The lower incidence of both EHM and IHM in the TDF group compared to the ETV group became more prominent after year 3. This suggests that antitumor effects of antivirals may require a certain period of time to manifest as differences in EHM or IHM incidence. However, IHM incidence was also significantly different within the first 3 years as well, although EHM incidence was comparable between groups during this time. Since HBV is a hepatotropic virus, the viral load is much higher in the liver than in extrahepatic tissues; thus, differences in antitumor effects resulting from different efficacy of viral suppression may be more apparent when comparing the incidence of IHM, rather than EHM. The further decrease in incidence of IHM after year 3 in both groups may be attributed to regression of hepatic fibrosis induced by antiviral therapy [40]. A previous study reported that the increase in cumulative HCC incidence decelerated after 5 years of ETV or TDF treatment, compared to the first 5 years [41]. Furthermore, another Korean study using the NHIS database observed a similar trend of HCC incidence among ETV- or TDF-treated patients, supporting the validity of our current results [7].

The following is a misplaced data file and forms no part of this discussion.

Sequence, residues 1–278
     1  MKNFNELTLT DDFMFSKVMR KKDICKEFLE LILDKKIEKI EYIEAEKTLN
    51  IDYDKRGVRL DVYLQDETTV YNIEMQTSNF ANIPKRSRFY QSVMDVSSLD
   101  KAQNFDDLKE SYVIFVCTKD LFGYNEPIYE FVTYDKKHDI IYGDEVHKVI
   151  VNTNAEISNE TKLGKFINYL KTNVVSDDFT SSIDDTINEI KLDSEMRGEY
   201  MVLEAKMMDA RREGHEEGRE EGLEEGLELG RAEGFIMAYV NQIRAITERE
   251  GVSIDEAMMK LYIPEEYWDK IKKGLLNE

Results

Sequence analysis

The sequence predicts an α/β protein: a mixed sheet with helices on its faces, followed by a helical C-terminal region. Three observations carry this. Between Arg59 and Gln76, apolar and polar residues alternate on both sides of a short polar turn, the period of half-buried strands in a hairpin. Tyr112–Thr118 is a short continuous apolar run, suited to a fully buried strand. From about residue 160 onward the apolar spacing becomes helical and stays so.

It is notable that the absolute incidence of EHM increased in the ETV group but decreased in the TDF group after year 3. Although one may assume that this trend indicates the protumor effects of ETV, it should be interpreted with caution. Preclinical animal studies raised concerns about the potential carcinogenicity of ETV [16]. Although two real-world retrospective studies showed that ETV at usual clinical doses does not increase cancer risk [17,18], the number of patients analyzed may have been insufficient to avoid a false-negative result, considering the low incidence of EHM. In addition, the protumor effects of ETV were possibly masked by the overall antitumor effects for both IHM and EHM [19,41]. ETV can incorporate into the human genome [42,43], which may lead to carcinogenicity during subsequent replication cycles. It is possible to assume that the protumor effects of ETV became apparent after cumulative damage caused by ETV exceeded a certain threshold level (approximately 430 mg of ETV in this study). However, the doses of ETV at which its carcinogenic effects were confirmed in the animal experiments, were far higher compared to the approved dose for humans. In addition, since CHB itself increases the risk of both IHM and EHM, the true protumor effects of ETV can only be proven by comparing ETV versus no ETV over a long period time in healthy non-CHB subjects, which is unfeasible.